Highlights in Pathology - Dying to learn more: what’s new in the medical autopsy literature? (June 2021)
Dr. Michael Seidman, University Health Network
There has been a general decline in the number of hospital autopsies over the decades.
Some proposed reasons include the increased power of pre-mortem diagnostics, and cost pressures (medical autopsy is generally not funded by governments or health insurance, of particular concern with siloed pathology budgets). Although likely not having changed much, there are also remain portions of the population with societal, cultural, or religious prohibitions against autopsy. Nonetheless, autopsy still has numerous valid indications, including learning, teaching, research, public health, epidemiology, etc. But, in a cost-conscious medical environment, one indication stands out.
Although some shy away from autopsies because of the potential for identifying grounds for litigation, the greatest value of autopsy may, in fact, lie with the quality assurance role it provides.
Knowing fully what happened in a particular medical case enables the system to understand, explain, take ownership of, and propose improvements for events with unexpected or undesired outcomes.
Frequently, questions around mechanism of death, particularly following medical interventions, are the driver for hospital autopsies.
Here are two articles that speak to the ongoing value of autopsy:
- van den Tweel JG, Wittekind C. The medical autopsy as quality assurance tool in clinical medicine: dreams and realities. Virchows Arch (2016), 468: 75–81. DOI: 10.1007/s00428-015-1833-5. PMID: 26316183. PMCID: PMC4751188.
- De Cock KM, Zielinski-Gutiérrez E, Lucas SB. Learning from the Dead. N Engl J Med (2019), 381(20):1889-1891. DOI: 10.1056/NEJMp1909017. PMID: 31722148.
Autopsies during COVID-19
Although autopsy remains a common tool for a wide range of clinical studies, in 2021 the pandemic is certainly forefront in our minds.
Many studies have described the specific safety procedures that centres employ, the findings in tissues following the disease, and anecdotal cases of striking findings (few of which stand the test of statistical significance).
I have chosen but one review on the subject. In particular, the study summarizes some of the major findings (be they specific or not) associated with COVID-19. It also, however, alludes to possible biases in the findings, some of which may impact future learning and public health statistics.
- Hooper JE et al. A Postmortem Portrait of the Coronavirus Disease 2019 (COVID-19) Pandemic: A Large Multi-institutional Autopsy Survey Study. Arch Pathol Lab Med (2021), 145(5):529-535. DOI: 10.5858/arpa.2020-0786-SA. PMID: 33449998.
I have also included one article on the practicalities of performing autopsies on emerging infections. The safety practices summarized here show the feasibility (particularly for well-funded services) but also the limitations for older or more resource-limited operations.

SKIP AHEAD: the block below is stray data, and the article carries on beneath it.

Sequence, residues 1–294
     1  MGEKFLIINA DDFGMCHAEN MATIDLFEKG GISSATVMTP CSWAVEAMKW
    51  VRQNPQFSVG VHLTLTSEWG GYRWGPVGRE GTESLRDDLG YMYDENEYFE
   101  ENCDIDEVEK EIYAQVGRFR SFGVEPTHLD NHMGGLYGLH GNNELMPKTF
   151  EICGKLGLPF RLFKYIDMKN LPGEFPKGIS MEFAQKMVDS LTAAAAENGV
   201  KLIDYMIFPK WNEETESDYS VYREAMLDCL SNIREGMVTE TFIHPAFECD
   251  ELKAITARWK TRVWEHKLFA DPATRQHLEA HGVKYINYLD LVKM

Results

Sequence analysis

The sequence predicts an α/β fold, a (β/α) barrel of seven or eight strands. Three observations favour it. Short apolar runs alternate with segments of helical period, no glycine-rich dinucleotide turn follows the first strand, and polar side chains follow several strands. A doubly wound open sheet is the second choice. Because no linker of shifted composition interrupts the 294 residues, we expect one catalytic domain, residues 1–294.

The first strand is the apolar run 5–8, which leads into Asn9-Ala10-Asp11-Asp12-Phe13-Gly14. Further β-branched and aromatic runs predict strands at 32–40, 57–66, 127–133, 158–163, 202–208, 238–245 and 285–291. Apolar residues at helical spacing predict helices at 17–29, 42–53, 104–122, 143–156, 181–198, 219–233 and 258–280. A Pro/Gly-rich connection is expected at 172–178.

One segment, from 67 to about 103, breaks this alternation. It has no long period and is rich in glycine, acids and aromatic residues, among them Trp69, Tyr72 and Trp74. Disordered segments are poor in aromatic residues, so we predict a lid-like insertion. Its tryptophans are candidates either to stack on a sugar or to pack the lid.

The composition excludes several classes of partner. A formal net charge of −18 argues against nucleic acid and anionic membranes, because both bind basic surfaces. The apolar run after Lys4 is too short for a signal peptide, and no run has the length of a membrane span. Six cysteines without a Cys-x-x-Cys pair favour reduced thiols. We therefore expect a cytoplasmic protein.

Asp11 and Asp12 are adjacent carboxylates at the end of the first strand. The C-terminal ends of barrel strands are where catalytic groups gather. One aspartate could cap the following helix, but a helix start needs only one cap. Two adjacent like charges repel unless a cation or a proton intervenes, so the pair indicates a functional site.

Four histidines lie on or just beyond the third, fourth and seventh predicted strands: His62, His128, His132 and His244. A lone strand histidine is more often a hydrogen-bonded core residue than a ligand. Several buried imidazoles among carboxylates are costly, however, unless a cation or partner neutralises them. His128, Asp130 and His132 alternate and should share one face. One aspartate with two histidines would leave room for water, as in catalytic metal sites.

- Fu L, Zak T, Shanes E. A Framework for Maintaining a Fully Operational Autopsy Service at a Large Academic Teaching Institution During a Global Pandemic. Acad Pathol (2021), 8:23742895211006821. DOI: 10.1177/23742895211006821. PMID: 33884293. PMCID: PMC8040610.
So-called molecular autopsy has been emerging as a tool for over a decade, but is limited by the availability of appropriate equipment, specimen storage constraints (blood and tissue take up space and require a freezer), and cost.
Some systems have adapted well to this challenge (particular recognition is due to the Ontario Forensic Pathology Service (OFPS), where in-house DNA extraction allows for high-density storage). Other programs struggle to even find an appropriate freezer.
One approach to robust post-mortem genetics using routine formalin-fixed paraffin-embedded tissue, in this example for cardiovascular disease, follows. Of note, personal experience and communication have revealed that post-mortem interval and time in aqueous formalin are variables under-emphasized in this work – the success with samples from Canadian centres by this group has been quite low.
- Baudhuin et al. Technical Advances for the Clinical Genomic Evaluation of Sudden Cardiac Death: Verification of Next-Generation Sequencing Panels for Hereditary Cardiovascular Conditions Using Formalin-Fixed Paraffin-Embedded Tissues and Dried Blood Spots. Circ Cardiovasc Genet (2017), 10(6):e001844. DOI: 10.1161/CIRCGENETICS.117.001844. PMID: 29237689.
Modern radiologic techniques, in particular CT and MRI, have been adapted into some autopsy workflows, particularly forensic (again, props to the OFPS), to provide context and focus to cases.
Trauma and foreign objects are particularly well visualized (although caution should probably be used with metal objects and MRI – start with the CT). In the medical setting, however, the value is limited. Particular concerns include poor penetration of vascular contrast, limited by lack of blood flow and post-mortem intravascular clot, and by equilibration of water across tissues, eliminating much of the required resolution.
In some limited settings, specimen imaging, e.g. for cardiac devices, has value after removal, but whole-body imaging remains expensive (the machines start at a $1M cost for clinical calibre, and require special staffing, interpretation, space, …), and thus not likely cost-effective for routine use. The following summarizes the current opportunities and challenges:
- Norberti N et al. State of the art in post-mortem computed tomography: a review of current literature. Virchows Arch (2019), 475(2):139-150. DOI: 10.1007/s00428-019-02562-4. PMID: 30937612.
A practical summary of an approach to post-mortem imaging is provided here:
- Filograna et al. A Practical Guide to Virtual Autopsy: Why, When and How. Semin Ultrasound CT MR (2019), 40(1):56-66. DOI: 10.1053/j.sult.2018.10.011. PMID: 30686369.